Ubisoft cuts torture scene from Splinter Cell: Blacklist

Sam Fisher won't be going 24 on America's enemies this time

A number of outlets have gotten an updated look at Ubisoft's Splinter Cell: Blacklist and one thing that's missing from the E3 reveal is the controversial torture scene. Blacklist producer Andrew Wilson told Eurogamer that the scene was cut and explained why it was in the E3 demo in the first place.

"Definitely we are not going to see when the game's coming out that there are torture scenes in it. That scene is not there anymore. I've not really heard anyone say they loved it," said Wilson. "It wasn't nice to see any negative reaction to something you've thrown your life into."

Wilson stressed that the scene - where protagonist Sam Fisher digs a knife into a hostage in order to extract information - was not indicative of the game's overall tone.

"Because the nature of E3, there are certain things that are easier to demonstrate," said Wilson. ""The first thing I'd say about that is that possibly there was missing context - and in an unabridged snapshot, it seemed like pretty tough material. We've scaled a lot of that back, and as we've gone through the process of development there are always things that you feel are not working as well. Every game does this, and cuts certain things."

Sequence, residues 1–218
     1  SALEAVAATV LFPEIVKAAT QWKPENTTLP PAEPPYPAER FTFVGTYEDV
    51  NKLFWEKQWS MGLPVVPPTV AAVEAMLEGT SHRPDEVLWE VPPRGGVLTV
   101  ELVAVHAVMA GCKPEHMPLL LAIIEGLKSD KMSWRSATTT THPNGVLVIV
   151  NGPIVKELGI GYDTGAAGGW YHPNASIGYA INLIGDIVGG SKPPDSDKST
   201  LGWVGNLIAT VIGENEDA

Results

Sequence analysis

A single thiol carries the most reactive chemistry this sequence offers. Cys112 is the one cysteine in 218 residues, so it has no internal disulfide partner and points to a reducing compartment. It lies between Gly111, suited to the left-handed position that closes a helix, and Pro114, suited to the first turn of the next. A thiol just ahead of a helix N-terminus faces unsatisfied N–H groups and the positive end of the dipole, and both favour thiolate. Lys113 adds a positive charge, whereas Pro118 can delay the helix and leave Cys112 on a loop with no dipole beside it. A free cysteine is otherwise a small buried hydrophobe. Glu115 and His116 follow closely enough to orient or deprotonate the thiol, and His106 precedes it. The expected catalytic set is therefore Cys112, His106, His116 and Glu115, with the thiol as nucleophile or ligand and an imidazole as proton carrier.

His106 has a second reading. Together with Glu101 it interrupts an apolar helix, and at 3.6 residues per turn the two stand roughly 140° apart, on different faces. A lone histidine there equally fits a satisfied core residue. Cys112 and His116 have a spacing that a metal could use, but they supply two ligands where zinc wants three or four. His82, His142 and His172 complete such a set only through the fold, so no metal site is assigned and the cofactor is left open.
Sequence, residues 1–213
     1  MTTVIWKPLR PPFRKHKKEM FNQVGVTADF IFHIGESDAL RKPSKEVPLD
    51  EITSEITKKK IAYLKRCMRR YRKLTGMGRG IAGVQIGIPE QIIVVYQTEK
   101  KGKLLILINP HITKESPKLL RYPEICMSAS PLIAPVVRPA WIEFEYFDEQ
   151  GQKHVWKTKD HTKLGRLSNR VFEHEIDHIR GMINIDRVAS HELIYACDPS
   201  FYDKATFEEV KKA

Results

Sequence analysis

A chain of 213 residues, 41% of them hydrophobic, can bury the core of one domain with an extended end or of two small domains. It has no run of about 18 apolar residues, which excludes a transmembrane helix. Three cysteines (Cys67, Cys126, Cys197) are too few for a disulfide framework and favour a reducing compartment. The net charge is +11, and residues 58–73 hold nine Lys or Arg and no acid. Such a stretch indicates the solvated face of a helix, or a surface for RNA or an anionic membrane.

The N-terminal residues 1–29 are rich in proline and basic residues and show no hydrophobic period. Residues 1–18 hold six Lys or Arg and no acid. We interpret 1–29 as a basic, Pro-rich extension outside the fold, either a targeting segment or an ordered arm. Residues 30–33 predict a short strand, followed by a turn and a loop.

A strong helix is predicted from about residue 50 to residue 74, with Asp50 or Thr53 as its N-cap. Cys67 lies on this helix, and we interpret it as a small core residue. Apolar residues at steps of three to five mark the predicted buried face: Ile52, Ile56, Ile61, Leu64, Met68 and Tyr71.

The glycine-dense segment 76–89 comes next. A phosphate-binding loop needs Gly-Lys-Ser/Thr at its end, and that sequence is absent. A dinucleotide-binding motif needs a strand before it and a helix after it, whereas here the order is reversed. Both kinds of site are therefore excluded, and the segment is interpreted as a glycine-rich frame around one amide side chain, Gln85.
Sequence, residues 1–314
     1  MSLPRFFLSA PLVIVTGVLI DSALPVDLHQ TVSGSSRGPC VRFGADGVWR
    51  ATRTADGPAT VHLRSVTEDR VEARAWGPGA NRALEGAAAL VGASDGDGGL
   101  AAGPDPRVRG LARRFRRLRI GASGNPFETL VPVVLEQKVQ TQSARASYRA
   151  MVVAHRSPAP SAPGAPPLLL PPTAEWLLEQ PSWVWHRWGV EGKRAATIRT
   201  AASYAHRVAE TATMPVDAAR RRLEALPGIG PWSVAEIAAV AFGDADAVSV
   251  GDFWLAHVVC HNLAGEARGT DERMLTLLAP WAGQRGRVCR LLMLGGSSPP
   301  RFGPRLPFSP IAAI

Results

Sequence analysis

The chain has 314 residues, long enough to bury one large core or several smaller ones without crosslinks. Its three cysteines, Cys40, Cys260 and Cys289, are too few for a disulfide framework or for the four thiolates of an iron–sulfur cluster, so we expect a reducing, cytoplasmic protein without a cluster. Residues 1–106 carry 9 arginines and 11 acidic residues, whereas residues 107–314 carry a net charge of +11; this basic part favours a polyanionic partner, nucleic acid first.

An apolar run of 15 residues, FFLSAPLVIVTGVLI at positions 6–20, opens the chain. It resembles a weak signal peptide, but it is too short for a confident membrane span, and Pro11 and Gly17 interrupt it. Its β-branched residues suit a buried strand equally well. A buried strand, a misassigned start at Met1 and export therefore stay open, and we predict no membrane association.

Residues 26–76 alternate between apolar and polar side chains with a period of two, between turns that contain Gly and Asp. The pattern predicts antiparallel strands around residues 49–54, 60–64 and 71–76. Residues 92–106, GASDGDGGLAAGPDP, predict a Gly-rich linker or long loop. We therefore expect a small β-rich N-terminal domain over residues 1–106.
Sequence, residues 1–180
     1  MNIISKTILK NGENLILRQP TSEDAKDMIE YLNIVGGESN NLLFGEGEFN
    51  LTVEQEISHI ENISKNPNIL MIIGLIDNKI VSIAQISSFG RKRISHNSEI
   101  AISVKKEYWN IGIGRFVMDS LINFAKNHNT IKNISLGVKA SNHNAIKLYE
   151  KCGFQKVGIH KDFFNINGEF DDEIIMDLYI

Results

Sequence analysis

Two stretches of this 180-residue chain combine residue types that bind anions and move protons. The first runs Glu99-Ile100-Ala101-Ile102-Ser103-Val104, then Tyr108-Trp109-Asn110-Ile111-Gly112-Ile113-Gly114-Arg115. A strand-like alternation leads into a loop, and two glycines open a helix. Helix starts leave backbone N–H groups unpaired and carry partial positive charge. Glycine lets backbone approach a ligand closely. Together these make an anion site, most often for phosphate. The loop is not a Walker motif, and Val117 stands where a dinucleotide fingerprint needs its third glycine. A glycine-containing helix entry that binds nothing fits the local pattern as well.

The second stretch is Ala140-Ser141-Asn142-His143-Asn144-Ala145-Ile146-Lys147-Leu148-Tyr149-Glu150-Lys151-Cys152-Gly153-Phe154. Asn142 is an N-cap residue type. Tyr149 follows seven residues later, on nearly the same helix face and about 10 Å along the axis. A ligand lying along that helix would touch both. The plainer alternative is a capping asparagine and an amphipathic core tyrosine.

Ubisoft creative director Maxime Beland told Kotaku that torture may still be present in the game, but the interactive nature has been removed.

"No, there will not be interactive torture in Blacklist. On Conviction, we called those 'interrogations,' right? And it was kind of, my vision of Conviction was that the player to be in control all the time. We had no camera cuts, I always wanted to make it feel that it was nonstop," said Beland.

"We're doing certain things with interrogation moments where you won't be in control, but you will be in control of what you do with the guy after. So again, embracing that lethal/nonlethal side."

Beland explained to Kotaku that fitting a true morality system to gameplay was difficult, as many players end up gaming to the system for reward instead of pondering moral questions.

"We had a big discussion, [game director] Patrick Redding and I, we had a big discussion about moral choices in games. Our conclusion was that, to have a true moral choice in a game, we haven't found a way to link it to gameplay. As soon as you link it to gameplay, the player sees the matrix, he sees the gold pot at the end of the rainbow, and then he plays the system a lot more than he plays the true morality."